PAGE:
Beautiful Planet, Beautiful Brains

At this point in time, you’ve most likely heard of the environmental phenomenon climate change. If you haven’t, you’ve either been living under a rock, or you’re kidding yourself. Despite the current President of the United States not believing in climate change, it is, in fact, very real and is occurring as we speak. Previously dubbed global warming, climate change is responsible for rising temperatures in some regions of the planet. As you may know, these increasing temperatures can be detrimental to human health in regards to heat exhaustion and heat stroke. The health effects of climate change do not stop here.

In order to properly paint the picture of how air pollution impacts public health, one major source of pollution must be considered: wildfires. Wildfire particulate matter (PM) is produced by the burning of trees and other organic materials. Due to its small diameter, PM can both travel long distances from its origin and can penetrate our lungs. Climate change models predict that due to rising temperatures and increasing droughts, the frequency of wildfires will also increase (Dennison et al. 2014; American Lung Association, 2016).

As I’m sure you could guess, air pollution exacerbates preexisting respiratory, such as COPD, and cardiovascular diseases. However, did you know that air pollutants can impair neurological development? Clean air is necessary for brain development (Calderón-Garcidueñas et al., 2014). However, air pollution is not broadly recognized as a factor in neurological development. The effects of air pollution on a child’s brain include the following: inflammation of neurons, cognitive deficits, structural alterations, and diseases such as Alzheimer’s disease (AD) and Parkinson’s disease (Calderón-Garcidueñas et al., 2014).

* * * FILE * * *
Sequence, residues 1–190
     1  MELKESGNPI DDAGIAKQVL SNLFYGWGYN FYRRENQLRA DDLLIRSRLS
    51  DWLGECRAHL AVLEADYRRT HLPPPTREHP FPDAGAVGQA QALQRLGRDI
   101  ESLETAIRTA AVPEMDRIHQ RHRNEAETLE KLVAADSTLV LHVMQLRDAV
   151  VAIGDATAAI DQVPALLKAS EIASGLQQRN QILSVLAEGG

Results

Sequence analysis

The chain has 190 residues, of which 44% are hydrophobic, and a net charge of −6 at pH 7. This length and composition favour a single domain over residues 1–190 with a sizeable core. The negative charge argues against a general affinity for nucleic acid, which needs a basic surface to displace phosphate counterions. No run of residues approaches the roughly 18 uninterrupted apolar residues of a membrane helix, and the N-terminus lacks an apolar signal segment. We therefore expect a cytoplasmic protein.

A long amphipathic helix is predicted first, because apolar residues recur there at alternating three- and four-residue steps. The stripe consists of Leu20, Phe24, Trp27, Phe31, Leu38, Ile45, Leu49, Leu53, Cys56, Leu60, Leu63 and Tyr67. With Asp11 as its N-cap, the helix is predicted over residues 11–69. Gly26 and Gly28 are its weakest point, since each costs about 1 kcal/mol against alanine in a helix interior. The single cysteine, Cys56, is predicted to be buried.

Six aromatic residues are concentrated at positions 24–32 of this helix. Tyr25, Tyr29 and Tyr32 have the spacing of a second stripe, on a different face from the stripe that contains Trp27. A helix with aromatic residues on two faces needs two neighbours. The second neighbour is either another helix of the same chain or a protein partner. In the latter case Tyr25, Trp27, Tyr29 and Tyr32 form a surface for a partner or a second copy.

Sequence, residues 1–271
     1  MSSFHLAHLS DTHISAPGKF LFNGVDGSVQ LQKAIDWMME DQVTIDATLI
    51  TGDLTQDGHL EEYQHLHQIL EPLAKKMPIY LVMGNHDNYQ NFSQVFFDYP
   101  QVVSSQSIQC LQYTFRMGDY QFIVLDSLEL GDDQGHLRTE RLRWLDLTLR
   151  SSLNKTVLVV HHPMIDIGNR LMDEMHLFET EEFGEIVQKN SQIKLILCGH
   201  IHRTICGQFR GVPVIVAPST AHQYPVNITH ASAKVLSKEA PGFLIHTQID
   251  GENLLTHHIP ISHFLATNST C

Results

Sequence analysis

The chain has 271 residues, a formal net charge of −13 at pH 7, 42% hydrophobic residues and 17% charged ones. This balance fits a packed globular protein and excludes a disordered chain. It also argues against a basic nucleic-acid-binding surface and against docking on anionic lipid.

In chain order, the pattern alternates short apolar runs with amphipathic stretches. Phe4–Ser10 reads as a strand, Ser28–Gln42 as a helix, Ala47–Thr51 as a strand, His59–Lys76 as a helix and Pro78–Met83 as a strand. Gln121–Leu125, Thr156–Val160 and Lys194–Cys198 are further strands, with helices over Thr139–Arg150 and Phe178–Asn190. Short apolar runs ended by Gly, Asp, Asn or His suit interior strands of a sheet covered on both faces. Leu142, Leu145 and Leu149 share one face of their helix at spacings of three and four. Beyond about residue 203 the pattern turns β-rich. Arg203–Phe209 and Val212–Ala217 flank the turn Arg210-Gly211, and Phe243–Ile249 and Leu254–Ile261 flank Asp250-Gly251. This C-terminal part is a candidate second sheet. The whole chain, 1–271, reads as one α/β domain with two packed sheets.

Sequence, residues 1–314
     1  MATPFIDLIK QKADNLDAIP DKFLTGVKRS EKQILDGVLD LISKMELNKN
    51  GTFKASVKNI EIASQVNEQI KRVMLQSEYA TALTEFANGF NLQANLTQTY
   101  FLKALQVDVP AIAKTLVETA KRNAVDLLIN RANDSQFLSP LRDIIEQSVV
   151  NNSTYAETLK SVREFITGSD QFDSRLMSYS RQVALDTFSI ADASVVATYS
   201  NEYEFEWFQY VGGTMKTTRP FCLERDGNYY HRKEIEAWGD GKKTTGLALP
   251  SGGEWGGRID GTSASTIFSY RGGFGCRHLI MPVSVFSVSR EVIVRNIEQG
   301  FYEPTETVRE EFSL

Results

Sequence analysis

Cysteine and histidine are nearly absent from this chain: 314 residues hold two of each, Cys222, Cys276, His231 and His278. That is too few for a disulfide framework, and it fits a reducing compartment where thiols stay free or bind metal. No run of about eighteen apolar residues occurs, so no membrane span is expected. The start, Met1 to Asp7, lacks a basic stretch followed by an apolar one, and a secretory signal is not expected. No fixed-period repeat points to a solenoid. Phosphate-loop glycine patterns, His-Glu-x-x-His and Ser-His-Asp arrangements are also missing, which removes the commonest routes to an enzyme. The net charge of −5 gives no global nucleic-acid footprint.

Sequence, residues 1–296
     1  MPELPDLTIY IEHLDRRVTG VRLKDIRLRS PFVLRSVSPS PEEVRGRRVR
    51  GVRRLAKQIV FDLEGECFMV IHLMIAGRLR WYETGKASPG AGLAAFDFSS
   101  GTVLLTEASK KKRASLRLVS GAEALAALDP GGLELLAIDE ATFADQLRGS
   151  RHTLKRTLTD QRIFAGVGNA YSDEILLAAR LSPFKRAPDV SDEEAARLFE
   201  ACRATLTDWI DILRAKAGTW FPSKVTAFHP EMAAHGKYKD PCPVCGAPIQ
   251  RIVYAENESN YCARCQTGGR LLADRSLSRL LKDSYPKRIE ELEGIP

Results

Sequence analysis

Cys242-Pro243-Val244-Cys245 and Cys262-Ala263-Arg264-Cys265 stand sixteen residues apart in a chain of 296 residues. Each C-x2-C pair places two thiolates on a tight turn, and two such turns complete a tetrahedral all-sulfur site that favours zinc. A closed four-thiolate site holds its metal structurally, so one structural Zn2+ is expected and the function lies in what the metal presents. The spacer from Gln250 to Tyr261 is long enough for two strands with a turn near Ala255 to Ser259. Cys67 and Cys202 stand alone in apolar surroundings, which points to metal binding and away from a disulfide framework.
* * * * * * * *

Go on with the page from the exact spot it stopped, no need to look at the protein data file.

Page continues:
My intention was not to write another blog post related to Alzheimer’s disease. However, as my research on the neurological consequences of air pollution began to unfold, I had to share what I found. Before this year, I had never really considered what we are doing to this beautiful planet is killing our arguably even more beautiful brains.

Briefly, Alzheimer’s is an age-related neurodegenerative disease. Thus, the older you get, the more likely it is that you’ll develop this disease. Gradual deterioration in behavior and cognition are the main symptoms (Jung et al., 2014). Scientists suggest that the buildup of abnormal structures, formally known as plaques and tangles, are responsible for Alzheimer’s disease symptoms (see the diagram below).

As mentioned above, due to their small size, PM particles are able to penetrate deep into our lungs. How does this affect our brains, you might ask? Once in our respiratory tract, these particles enter the bloodstream. Again, due to its small diameter, PM have the capacity to cross the blood-brain barrier.

The blood-brain barrier (BBB) is a tightly knit unit of cells that select what can and cannot be transported to the brain from normal blood circulation (Rosenberg, 2015). It’s kind of like the “gate-keeper” of the brain (check out the diagram below). PM’s uninvited entrance into the brain can produce a perilous domino effect, leading to serious neurological problems. These problems include disruptions to the blood-brain barrier itself, inflammation of neurons, and neurons deterioration (Calderón-Garcidueñas et al., 2014; Jung et al., 2014). It is these changes that are likely critical to both Alzheimer’s disease onset and progression (Calderón-Garcidueñas et al., 2014).